Vinyl Record Reviews

Mark Knopfler

Get Lucky
Reprise Records 520206-1, two 33-RPM 180g LPs

Get Lucky I've been a fan of Mark Knopfler's music since the early Dire Straits days, so I leapt at the chance to get my hands on a copy of Get Lucky, Knopfler's sixth solo album (if we ignore his original sound track records and two EPs), recently issued by Reprise Records.

Continuing the trend established early in his solo career, Get Lucky has a laid back, light rock (almost folksy) feel about it. Many of the songs on this record are personally anecdotal in nature. For example, the second track on side 2 (Monteleon) was inspired progress reports by New York guitar builder, John Monteleon, while he was making Knopfler's Monteleon Isabella guitar. Death and remembrance are the subject of three songs: So Far From the Clyde is about ships that were built in Glasgow and Newcastle being sent to a ship breaking yard in India; Piper to the End was written for Knopfler's Uncle Freddie, a piper who carried his pipes into action and was killed with them in 1940 aged 20; and Remembrance Day is self-explanatory.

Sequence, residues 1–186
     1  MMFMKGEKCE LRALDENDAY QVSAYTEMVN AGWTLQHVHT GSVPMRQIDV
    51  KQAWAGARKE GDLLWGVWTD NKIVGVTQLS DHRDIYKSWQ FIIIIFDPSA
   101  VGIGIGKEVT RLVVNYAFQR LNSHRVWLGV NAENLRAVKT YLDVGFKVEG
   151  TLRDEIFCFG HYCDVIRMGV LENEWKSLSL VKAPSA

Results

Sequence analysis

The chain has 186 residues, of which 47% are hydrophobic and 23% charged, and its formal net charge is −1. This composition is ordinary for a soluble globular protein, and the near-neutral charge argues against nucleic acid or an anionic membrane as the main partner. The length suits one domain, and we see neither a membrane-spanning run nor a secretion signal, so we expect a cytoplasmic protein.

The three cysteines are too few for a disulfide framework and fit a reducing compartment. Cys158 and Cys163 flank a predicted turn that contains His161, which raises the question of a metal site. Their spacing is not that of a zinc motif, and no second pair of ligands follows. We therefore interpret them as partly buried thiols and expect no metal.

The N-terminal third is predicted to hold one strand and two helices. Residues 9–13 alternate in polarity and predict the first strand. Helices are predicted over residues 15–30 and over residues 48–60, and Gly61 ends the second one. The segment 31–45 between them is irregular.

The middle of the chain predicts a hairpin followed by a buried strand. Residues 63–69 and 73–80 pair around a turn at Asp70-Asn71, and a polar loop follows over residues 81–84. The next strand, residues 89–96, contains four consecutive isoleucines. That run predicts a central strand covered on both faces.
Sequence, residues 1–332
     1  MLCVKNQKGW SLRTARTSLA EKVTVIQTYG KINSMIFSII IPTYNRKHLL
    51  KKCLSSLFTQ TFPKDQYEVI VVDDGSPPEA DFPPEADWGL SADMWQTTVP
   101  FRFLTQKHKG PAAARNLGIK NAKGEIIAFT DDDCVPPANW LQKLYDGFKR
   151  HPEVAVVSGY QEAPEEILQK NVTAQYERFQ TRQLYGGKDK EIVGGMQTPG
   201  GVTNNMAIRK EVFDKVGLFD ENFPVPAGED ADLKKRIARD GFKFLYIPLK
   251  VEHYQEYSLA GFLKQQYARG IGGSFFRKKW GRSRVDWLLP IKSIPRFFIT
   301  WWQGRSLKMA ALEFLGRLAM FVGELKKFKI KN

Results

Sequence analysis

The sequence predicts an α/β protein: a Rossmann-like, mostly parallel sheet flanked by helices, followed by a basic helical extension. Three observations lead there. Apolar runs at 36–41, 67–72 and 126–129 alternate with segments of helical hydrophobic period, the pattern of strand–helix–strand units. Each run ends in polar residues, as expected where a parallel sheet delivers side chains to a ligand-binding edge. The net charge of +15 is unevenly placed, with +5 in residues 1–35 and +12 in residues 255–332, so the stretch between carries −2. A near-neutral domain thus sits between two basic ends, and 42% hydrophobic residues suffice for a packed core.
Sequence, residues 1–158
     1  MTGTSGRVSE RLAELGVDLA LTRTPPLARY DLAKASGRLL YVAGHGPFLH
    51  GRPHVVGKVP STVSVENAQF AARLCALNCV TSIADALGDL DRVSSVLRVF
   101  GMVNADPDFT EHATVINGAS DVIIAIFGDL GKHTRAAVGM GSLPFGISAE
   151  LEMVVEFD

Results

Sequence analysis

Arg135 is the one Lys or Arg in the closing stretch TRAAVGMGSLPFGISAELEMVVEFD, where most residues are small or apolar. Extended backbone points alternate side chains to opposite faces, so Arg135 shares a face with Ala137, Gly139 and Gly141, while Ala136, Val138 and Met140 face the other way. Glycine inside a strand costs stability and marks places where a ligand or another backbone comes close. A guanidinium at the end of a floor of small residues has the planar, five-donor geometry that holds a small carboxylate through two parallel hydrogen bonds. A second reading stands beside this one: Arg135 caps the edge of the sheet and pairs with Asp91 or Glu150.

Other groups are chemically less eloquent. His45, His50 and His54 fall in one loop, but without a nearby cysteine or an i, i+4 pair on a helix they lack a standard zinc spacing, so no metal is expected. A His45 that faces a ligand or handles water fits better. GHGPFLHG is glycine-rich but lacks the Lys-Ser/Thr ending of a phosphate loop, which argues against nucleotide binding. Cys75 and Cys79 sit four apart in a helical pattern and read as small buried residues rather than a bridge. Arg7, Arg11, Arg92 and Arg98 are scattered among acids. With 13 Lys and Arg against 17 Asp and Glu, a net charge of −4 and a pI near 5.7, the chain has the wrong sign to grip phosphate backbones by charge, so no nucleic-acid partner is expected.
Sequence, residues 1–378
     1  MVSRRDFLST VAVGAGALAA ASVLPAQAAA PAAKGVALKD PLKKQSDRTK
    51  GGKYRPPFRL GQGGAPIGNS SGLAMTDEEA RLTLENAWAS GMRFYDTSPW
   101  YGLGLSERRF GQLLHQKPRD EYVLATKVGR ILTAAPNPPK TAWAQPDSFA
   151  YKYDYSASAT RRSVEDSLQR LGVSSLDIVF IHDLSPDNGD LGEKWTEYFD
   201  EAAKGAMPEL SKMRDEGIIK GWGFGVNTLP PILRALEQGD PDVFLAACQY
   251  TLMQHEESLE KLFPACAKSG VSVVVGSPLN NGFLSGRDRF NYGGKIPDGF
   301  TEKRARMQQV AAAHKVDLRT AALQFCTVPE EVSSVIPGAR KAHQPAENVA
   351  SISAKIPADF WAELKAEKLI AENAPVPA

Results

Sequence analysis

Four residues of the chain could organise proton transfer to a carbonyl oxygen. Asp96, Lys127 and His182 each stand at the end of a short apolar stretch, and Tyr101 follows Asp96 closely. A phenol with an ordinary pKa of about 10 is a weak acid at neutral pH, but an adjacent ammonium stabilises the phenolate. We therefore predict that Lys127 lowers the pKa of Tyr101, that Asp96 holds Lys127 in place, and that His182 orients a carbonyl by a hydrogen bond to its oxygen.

Pressed on 180g vinyl with its eleven songs generously spread over four sides, the sound quality of lucky is great for a modern recording: the bass is warm, deep, and tuneful, and the treble is clear without being splashy or bright. A good test for treble purity I like to use is how cymbals sound; on many rock records they sound like a splashy distorted mess, but on good recordings you can hear the way the sound quickly builds up, shimmers for a while, then fades away. I'm pleased to report that Get Lucky is in the latter category. Also, the record surfaces are very quiet.

Packaged in a heavy cardboard gatefold sleeve containing a lyric sheet (but, unlike Knopfler's previous release, Kill to Get Crimson, no free CD to facilitate mobile listening), I enthusiastically recommend Get Lucky, especially if you're a Mark Knopfler fan.


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